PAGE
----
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A Mechanism for Providing and Enforcing Privacy Policy Information to Data Users

IP.com Disclosure Number: IPCOM000019966D
Original Publication Date: 2003-Oct-14
Included in the Prior Art Database: 2003-Oct-14
Document File: 1 page(s) / 47K

Publishing Venue

IBM

Abstract

Information systems and their users are being confronted increasingly with issues of Data Privacy (meaning issues of who has what rights to information for what purposes). Data Users of information systems (sometimes referred to as subjects) must be able to easily view the privacy policy for information they are viewing (or attempting to view) in order to understand what they should and should not do with the information. At the current time, there are insufficient techniques for conveying such information. An example is the use of a field to mark a message as "confidential". Such a field does not include the rich set of distinctions involved in Privacy standards such as P3P. Even if lengthier text descriptions of the privacy policy associated with data are provided, these can be difficult for a human data user to understand, and rely on human interpretation for compliance. A technique which both conveys to a human reader what privacy policy is associated with a data item and can be used to allow or restrict actions that a data user could carry out on the data is required for meaningful privacy implementation in information systems.

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  A Mechanism for Providing and Enforcing Privacy Policy Information to Data Users

   This disclosure proposes the use of a contextual interaction method involving use of a graphical indicator of privacy policy that would be displayed along with data objects to indicate to the data user the content of the policy. The Privacy Policy information would be captured in a label associated with the data object (a privacy label). For viewing the data, such a graphical indicator might be implemented as a "watermark" on a page displaying a document (e.g., an overlay indicating that the document was for "one time use only" and that copying actions would not be allowed), or could be implemented as a graphical symbol in an appropriate area of a data viewer (e.g., as a symbol in the border of a browser window). Such a presentation could become part of standard data presentation and would become easily recognized by data users. Additionally, the burden of enforcement could be largely shifted to information systems that made use of the privacy policy indicator to enable and disable functions impacted by the privacy policy. Thus actions such as copy or modify could be enabled or prevented automatically as indicated. Data users would easily be able to understand when actions were disabled as a part of the privacy policy associated with data.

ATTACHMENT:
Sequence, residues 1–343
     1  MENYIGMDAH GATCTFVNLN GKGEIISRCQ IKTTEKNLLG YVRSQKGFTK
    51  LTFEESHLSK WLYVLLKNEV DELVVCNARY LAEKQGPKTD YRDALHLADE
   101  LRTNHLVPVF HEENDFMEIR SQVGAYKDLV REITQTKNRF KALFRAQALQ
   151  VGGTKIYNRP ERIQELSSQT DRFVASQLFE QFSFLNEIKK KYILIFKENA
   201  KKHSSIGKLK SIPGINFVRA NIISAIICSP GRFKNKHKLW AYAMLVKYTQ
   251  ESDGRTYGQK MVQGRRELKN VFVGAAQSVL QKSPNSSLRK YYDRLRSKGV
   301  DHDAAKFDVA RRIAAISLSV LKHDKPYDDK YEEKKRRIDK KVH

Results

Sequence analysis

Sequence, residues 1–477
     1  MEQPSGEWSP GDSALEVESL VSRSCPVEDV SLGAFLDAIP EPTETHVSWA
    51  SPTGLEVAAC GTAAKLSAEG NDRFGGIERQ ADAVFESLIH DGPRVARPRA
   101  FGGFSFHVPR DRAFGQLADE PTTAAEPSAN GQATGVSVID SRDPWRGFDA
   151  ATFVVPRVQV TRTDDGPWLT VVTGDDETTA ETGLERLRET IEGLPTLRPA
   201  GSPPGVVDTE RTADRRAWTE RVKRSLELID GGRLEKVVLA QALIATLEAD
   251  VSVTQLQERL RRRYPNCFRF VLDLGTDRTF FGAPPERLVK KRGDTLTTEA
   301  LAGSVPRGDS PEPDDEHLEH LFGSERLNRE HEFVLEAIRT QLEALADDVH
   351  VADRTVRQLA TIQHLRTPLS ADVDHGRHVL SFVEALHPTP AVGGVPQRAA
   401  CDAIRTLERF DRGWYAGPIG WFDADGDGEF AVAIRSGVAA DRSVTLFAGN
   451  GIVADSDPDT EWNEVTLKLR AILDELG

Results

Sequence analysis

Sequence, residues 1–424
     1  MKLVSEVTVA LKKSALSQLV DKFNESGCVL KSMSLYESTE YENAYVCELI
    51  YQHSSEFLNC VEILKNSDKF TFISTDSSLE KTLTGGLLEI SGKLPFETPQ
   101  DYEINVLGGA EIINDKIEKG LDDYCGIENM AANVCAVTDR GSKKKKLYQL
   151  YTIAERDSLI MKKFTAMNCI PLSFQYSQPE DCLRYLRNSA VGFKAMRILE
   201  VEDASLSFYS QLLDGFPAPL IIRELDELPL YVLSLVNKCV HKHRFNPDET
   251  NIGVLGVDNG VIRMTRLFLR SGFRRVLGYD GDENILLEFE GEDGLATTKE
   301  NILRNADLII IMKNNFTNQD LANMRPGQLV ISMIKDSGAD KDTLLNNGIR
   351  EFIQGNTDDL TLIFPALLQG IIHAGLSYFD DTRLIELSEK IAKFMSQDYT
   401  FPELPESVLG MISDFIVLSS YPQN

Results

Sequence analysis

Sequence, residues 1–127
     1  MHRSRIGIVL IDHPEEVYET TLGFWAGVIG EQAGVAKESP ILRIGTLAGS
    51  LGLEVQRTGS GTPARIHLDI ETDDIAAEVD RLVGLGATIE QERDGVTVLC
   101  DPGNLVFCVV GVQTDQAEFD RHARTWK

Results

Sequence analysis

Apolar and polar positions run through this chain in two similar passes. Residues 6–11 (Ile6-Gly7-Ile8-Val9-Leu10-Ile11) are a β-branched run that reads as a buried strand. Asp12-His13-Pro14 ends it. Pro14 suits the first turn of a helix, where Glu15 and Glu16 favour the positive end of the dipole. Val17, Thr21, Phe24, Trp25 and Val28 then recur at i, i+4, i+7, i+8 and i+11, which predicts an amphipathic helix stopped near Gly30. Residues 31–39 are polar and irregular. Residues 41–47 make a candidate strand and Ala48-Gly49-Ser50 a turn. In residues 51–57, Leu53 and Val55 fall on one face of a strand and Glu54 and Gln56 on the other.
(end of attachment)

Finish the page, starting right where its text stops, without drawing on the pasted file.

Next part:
Example of How It Works

The invention will be described through the use of a medical scenario. PII data about patients (called data owners) is kept in software on data processing devices that a number of different categories of data users
(e.g., doctors, nurses, financial and billing administrative staff, applications) can access and use for a variety of different purposes (e.g., medical treatment, summary medical reporting, billing). There are professional guidelines and laws about what data users can access patient PII data and for what purposes. In many legal systems, patients have the right to review the PII data associated with medical treatments, summary medical reporting, and billing about themselves. In many legal systems, patients also have the right to know what data users (subjects) are accessing that PII data and for what purposes in order to give consent to t...